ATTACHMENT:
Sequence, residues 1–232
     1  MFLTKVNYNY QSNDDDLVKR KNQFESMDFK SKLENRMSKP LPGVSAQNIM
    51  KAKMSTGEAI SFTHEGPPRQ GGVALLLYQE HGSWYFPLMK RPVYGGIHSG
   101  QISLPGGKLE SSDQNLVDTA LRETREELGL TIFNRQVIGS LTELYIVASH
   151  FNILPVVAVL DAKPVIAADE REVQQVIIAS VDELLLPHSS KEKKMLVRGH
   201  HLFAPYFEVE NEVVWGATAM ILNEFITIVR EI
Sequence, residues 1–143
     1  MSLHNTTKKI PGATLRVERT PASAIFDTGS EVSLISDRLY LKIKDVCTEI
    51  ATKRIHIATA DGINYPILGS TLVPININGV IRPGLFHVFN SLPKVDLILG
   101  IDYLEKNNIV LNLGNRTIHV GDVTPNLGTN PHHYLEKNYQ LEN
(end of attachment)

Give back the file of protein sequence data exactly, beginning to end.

Sequence, residues 1–232
     1  MFLTKVNYNY QSNDDDLVKR KNQFESMDFK SKLENRMSKP LPGVSAQNIM
    51  KAKMSTGEAI SFTHEGPPRQ GGVALLLYQE HGSWYFPLMK RPVYGGIHSG
   101  QISLPGGKLE SSDQNLVDTA LRETREELGL TIFNRQVIGS LTELYIVASH
   151  FNILPVVAVL DAKPVIAADE REVQQVIIAS VDELLLPHSS KEKKMLVRGH
   201  HLFAPYFEVE NEVVWGATAM ILNEFITIVR EI
Sequence, residues 1–143
     1  MSLHNTTKKI PGATLRVERT PASAIFDTGS EVSLISDRLY LKIKDVCTEI
    51  ATKRIHIATA DGINYPILGS TLVPININGV IRPGLFHVFN SLPKVDLILG
   101  IDYLEKNNIV LNLGNRTIHV GDVTPNLGTN PHHYLEKNYQ LEN